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Toxicol In Vitro. 2015 Dec 25;30(1 Pt A):217-24. doi: 10.1016/j.tiv.2015.09.005. Epub 2015 Sep 8.

Biokinetics in repeated-dosing in vitro drug toxicity studies.

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Institute for Risk Assessment Sciences, Utrecht University, Utrecht, The Netherlands. Electronic address:
Mechanism of Toxicity Unit, Environment and Primary Prevention Department, Istituto Superiore di Sanità, Rome, Italy.
Institute for Risk Assessment Sciences, Utrecht University, Utrecht, The Netherlands.


The aim of the EU FP7 Predict-IV project was to improve the predictivity of in vitro assays for unwanted effects of drugs after repeated dosing. The project assessed the added benefit of integrating long-lived in vitro organotypic cell systems with 'omics' technologies and in silico modelling, including systems biology and pharmacokinetic assessments. RPTEC/TERT1 kidney cells, primary rat and human hepatocytes, HepaRG liver cells and 2D and 3D primary brain cultures were dosed daily or every other day for 14 days to a selection of drugs varying in their mechanism of pharmacological action. Since concentration-effect relationships not only depend on the activity of the drug or the sensitivity of the target, but also on the distribution of compounds in the in vitro system, the concentration of a selection of drugs in cells, microtitre plate plastic and medium was measured over time. Results, reviewed in this paper, indicate that lipophilic drugs bind significantly to plastic labware. A few drugs, including less lipophilic drugs, bind to cell-attachment matrices. Chemicals that reach high concentrations in cells, including cyclosporin A and amiodarone, significantly accumulate over time after repeated dosing, partly explaining their increased toxicity after repeated dosing, compared to a single dose.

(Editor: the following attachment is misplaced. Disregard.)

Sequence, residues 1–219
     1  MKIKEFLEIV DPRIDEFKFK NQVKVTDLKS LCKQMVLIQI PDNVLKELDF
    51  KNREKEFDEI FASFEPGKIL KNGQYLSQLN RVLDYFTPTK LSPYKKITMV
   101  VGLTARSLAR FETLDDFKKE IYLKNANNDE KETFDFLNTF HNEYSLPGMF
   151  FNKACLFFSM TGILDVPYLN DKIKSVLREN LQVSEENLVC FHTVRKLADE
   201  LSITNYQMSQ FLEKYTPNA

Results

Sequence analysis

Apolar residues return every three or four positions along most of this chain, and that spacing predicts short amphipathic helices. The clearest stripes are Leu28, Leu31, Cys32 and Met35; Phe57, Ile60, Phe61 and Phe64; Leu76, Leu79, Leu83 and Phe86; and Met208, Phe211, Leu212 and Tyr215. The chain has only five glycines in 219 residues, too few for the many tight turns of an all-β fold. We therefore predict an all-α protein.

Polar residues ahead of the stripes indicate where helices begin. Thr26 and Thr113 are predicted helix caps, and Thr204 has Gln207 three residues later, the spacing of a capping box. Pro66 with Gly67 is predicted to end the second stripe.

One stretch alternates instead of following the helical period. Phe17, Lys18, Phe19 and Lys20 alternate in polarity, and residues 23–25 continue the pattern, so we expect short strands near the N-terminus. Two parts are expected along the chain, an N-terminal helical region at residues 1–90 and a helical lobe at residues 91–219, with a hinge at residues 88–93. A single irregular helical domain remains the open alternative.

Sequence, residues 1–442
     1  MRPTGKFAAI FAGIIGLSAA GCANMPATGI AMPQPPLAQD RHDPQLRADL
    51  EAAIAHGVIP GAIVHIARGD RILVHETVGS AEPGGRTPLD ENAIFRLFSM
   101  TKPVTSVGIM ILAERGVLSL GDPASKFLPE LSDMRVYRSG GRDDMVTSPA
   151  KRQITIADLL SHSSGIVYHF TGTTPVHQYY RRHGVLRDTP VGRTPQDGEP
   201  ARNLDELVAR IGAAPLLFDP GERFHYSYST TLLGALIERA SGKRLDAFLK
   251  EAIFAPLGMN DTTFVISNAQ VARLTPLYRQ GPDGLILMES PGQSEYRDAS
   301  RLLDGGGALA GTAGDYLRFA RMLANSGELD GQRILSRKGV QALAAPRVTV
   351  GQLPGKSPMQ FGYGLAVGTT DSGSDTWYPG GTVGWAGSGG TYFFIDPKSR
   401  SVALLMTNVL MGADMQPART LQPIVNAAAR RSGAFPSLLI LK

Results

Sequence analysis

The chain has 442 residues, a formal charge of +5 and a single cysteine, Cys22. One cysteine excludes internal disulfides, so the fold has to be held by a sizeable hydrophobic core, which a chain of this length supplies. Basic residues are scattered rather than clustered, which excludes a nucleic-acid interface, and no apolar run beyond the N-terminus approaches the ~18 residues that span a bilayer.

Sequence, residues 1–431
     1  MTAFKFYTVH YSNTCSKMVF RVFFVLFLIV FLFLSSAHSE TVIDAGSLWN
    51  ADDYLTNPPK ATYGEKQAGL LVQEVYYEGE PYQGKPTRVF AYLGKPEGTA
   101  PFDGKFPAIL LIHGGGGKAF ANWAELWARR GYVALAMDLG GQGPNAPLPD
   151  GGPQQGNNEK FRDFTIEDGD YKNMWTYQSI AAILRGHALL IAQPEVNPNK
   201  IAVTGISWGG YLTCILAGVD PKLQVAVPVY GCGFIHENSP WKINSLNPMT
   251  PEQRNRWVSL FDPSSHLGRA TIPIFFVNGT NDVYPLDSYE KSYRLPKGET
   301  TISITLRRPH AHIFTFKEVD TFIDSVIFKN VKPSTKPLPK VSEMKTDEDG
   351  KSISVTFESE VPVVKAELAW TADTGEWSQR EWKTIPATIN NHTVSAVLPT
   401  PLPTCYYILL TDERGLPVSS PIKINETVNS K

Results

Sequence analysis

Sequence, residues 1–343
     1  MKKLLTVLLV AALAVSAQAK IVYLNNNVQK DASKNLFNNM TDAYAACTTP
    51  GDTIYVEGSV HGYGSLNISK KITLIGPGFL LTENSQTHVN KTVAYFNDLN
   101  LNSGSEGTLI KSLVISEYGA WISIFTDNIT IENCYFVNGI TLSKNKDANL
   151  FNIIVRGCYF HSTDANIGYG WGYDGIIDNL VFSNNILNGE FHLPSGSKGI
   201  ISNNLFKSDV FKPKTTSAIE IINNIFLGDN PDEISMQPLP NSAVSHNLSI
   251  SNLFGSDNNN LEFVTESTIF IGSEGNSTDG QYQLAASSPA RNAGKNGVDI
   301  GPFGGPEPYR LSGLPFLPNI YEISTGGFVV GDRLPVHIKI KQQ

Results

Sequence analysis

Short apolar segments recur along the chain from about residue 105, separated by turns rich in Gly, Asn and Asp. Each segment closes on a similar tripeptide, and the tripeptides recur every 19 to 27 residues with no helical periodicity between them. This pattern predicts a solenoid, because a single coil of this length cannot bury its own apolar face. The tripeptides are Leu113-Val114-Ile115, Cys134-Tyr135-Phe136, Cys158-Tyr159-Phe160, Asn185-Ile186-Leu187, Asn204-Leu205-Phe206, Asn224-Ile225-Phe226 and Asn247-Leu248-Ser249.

Biokinetics; In vitro; Predict-IV; Quantitative in vitro–in vivo extrapolation; Repeated dosing

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